it or not, the first cookies were created by accident. In fact a
lot of the famous history of cookies is filled with accidents. The
very first cookies were just an oven temperature test. Early bakers
used very small amounts of cake batter to test their oven temperatures
before baking the final cake. These little test cakes were called
"koekje", which means "little cake" in Dutch.
By accident, the first "cookies" came into being.
American cookbooks show that the earlier versions were called "Tea
Cakes". Our simple "butter cookies" strongly resemble
the English tea cakes and the Scotch shortbread. The English also
call them biscuits. The Spanish call them galletas, the Germans
call the kels and in Italy there are several names to identify various
forms of cookies including Amaretti and Biscotti.
country has its favorite kind of cookie. In the U.K. it is shortbread,
in France it is sablés and macaroons, and in Italy biscotti.
And the favorite cookie in America and Canada is the Chocolate Chip
Cookie. In fact at least half of the cookies baked in American homes
are chocolate chip. Like many other great discoveries, the chocolate
chip cookie was also a accident.
invented chocolate chip cookies at the Toll House Inn she and her
husband Keneth ran near Whitman, Massachusetts. Like a bed and breakfast
she made food for her guests. One evening in 1937 she got the idea
to make a chocolate butter cookie so she broke up one of the bars
of semi-sweet chocolate that Andrew Nestle gave her. She thought
that it would mix together with the dough and produce all chocolate
cookies . Needless to say, it didn't. However the cookies came out
decent so she served them. They of course were so good they had
to be done again. She published the recipes in several newspapers
and the recipe became very popular.
her cookie, the Chocolate Crunch Cookie. She also struck a business
deal with Nestle that allow Nestle to put the recipe on their chocolate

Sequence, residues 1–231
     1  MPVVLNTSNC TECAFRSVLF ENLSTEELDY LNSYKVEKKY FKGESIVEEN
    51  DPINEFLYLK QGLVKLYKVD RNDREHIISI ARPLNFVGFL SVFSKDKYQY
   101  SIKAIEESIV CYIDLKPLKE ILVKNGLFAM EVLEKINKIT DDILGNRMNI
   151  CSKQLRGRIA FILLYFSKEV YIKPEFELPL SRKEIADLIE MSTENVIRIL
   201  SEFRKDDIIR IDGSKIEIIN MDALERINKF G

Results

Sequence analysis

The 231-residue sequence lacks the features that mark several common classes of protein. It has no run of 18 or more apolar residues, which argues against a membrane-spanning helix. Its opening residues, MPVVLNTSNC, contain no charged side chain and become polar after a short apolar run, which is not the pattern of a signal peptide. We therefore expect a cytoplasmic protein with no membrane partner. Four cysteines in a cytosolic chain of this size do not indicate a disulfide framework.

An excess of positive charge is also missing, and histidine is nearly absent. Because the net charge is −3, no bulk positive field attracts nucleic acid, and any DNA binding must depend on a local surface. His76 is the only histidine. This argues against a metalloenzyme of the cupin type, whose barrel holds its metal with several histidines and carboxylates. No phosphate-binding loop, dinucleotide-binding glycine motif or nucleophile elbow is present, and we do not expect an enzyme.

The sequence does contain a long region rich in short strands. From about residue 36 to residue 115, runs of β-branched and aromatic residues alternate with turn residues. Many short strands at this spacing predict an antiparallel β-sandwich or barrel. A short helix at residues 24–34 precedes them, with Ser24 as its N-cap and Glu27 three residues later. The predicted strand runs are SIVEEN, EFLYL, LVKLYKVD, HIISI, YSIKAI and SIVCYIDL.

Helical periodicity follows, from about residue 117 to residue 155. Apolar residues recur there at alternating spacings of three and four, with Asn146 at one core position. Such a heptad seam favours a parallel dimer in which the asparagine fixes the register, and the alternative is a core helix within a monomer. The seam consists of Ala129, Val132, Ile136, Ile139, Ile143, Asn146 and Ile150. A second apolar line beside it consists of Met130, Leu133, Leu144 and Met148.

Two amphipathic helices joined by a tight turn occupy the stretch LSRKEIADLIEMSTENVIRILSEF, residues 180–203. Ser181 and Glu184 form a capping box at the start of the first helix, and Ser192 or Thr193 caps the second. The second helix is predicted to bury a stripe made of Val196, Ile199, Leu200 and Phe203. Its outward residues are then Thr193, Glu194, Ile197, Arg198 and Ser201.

bar if they supplied her with free chocolate for her cookies at
the Inn. Nestle was so enamoured with the whole concept that they
included a small chopper in the package. The popularity of the cookie
grew by leaps and bound and in 1939, the Chocolate Morsels that
we know today were introduced.
Below is the
original toll house recipe which hasn't changed much over the years.
Wakefields Original Toll House Cookie Recipe
2 1/4 cups all-purpose
1 teaspoon baking soda
1 teaspoon salt
1 cup (2 sticks) butter or margarine, softened
3/4 cup granulated sugar
3/4 cup packed brown sugar
1 teaspoon vanilla extract
2 large eggs
1 2/3 cups (11-oz. pkg.)
1 cup chopped nuts
to 375° F.
baking soda and salt in small bowl. Beat butter, granulated sugar,
brown sugar and vanilla extract in large mixer bowl until creamy.
Add eggs one at a time, beating well after each addition. Gradually
beat in flour mixture. Stir in morsels and nuts. Drop by rounded
tablespoon onto ungreased baking sheets.
BAKE for 9 to
11 minutes or until golden brown. Cool on baking sheets for 2 minutes;
remove to wire racks to cool completely.
PAN COOKIE VARIATION:
GREASE 15 x 10-inch jelly-roll pan. Prepare dough as above. Spread
into prepared pan. Bake for 20 to 25 minutes or until golden brown.
Cool in pan on wire rack. Makes 4 dozen bars.